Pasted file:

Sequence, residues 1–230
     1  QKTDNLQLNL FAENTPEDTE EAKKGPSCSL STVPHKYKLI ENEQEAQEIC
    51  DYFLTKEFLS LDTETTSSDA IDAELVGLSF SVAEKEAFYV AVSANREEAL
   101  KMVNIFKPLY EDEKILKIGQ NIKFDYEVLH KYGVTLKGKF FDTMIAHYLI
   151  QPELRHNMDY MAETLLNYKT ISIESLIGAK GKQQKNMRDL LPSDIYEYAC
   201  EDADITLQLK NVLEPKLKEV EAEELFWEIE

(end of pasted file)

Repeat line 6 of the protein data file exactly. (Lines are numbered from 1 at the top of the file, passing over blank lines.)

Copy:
   201  EDADITLQLK NVLEPKLKEV EAEELFWEIE